Officials in the U.S. can’t quite figure out why they don’t have any inflation with all the cheap money their central bank has floating around. That most beloved shiny stuff — gold — is where it was around four years ago (currently trading at $1,225 per ounce), the Canadian dollar is around $0.93 versus the U.S. greenback (down from around par last year) and all of the stock markets (especially the U.S.) are pretty much up.
So what does this mean for 2014? That is a very good question and I’m not certain what the answers might be — but here are a few ideas to ponder.
There are lots of theories as to why there is no inflation in the U.S. Remember, they would like inflation to some extent (especially in the housing market) as it makes the country feel richer (and spend more) and makes the cost of their debt lower in real terms.
So why is there no inflation?
My best guess is that there is quite a bit of room in the economy; lots of labour, reasonable levels of inventory and moderate demand, so prices aren’t going up.
This is good for most of us because with no real inflation, interest rates are unlikely to rise any great amount.
Gold has always been like the weather to me; almost impossible to predict.
I remember one of my economics professors joking that economists were invented to make weathermen feel good. Gold is emotionally driven and right now the equity markets seem to be in a cautious state of optimism about the U.S. economy and the stock markets. Gold likes fear and right now no one is buying.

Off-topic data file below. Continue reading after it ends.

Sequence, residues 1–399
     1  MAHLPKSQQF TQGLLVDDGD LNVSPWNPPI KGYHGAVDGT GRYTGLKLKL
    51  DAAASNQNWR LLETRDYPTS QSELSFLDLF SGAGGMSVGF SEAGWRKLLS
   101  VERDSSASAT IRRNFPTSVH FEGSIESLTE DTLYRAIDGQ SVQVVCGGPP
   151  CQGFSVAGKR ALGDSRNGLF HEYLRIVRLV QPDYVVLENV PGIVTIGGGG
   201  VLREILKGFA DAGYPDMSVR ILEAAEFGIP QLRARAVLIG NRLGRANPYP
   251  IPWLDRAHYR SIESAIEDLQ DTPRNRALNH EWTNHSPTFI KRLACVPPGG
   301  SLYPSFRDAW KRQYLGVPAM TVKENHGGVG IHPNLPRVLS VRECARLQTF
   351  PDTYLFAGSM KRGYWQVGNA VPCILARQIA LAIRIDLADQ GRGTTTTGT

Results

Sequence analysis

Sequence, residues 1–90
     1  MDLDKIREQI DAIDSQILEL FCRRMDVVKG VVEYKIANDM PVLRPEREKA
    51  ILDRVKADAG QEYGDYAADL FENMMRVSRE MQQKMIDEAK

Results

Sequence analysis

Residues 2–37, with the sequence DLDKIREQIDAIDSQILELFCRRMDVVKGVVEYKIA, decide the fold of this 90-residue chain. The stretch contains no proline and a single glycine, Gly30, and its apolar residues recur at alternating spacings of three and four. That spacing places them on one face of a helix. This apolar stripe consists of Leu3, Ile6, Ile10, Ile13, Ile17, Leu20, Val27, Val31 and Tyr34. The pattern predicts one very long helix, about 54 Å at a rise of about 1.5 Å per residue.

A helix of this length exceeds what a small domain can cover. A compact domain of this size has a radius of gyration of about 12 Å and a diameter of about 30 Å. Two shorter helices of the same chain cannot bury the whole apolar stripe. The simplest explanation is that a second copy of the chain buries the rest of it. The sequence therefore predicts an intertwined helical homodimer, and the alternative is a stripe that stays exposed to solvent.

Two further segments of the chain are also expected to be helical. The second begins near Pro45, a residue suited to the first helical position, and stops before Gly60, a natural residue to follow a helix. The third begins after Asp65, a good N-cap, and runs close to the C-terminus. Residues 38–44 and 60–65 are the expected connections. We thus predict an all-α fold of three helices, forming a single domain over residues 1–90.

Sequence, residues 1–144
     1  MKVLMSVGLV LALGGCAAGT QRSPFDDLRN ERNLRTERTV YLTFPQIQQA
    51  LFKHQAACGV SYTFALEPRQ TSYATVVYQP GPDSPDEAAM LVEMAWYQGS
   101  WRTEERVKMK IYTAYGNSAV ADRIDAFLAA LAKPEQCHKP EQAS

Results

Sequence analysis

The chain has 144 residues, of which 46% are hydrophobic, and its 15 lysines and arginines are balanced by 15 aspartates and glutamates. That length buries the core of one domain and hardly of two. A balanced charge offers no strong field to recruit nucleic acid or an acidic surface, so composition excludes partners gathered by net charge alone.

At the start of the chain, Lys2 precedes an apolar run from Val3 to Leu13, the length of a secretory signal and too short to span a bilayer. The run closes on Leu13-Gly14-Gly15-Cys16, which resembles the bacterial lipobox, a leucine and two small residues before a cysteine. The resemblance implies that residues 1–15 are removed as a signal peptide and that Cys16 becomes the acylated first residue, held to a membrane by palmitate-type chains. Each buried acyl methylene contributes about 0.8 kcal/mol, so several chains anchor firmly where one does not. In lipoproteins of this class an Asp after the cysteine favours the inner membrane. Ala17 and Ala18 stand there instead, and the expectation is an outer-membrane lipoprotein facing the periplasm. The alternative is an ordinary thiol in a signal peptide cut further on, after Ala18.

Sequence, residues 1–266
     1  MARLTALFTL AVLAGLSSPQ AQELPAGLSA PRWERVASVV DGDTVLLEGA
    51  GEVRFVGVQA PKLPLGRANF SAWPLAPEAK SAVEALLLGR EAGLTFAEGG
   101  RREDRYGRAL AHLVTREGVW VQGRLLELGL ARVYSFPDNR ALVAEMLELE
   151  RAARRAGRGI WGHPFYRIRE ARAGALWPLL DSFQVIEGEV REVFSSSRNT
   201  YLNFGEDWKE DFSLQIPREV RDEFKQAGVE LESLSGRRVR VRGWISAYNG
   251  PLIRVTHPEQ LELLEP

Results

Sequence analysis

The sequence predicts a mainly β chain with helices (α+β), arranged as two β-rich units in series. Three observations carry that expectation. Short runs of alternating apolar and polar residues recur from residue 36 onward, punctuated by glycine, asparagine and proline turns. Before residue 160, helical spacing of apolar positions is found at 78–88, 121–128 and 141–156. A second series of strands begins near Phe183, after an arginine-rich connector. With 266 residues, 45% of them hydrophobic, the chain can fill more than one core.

The Canadian dollar, otherwise known as the “commodity dollar,” is simply reacting to lower commodity prices and confidence in the U.S. economy. You may not like the lower dollar because it impacts your sunny winter spending, but just remember that a lower dollar should help Canadian exports with our largest trading partner.
The U.S. markets were up for 2013 and look for that trend to continue in 2014.
I commented on an article I read in the fourth quarter of last year titled “Party like its 1999,” but it is worth repeating. The author was creating a comparison between November 1998 and November 2012.
If the prediction is somewhat correct, it would imply that 2014 could be quite the year for the markets (especially the U.S.).
There are a great many theories as to how the markets will move through the year. What they do in the first day or month of trading, what year of the U.S. presidential cycle we are in, if the groundhog sees it shadow. . .
What I do know is that the trend is your friend and right now the trend is up. Just remember (once again), that the higher things go, the greater they may fall.
Les Consenheim is a senior wealth adviser with ScotiaMcLeod - Consenheim Wealth Management and can be reached at 250-372-8117 or email@example.com. ScotiaMcLeod is a member of the Canadian Investor Protection Fund. This article is for general information purposes only. The views of the author do not necessarily reflect those of ScotiaMcLeod. Individuals should seek professional advice prior to acting on any information referred to herein.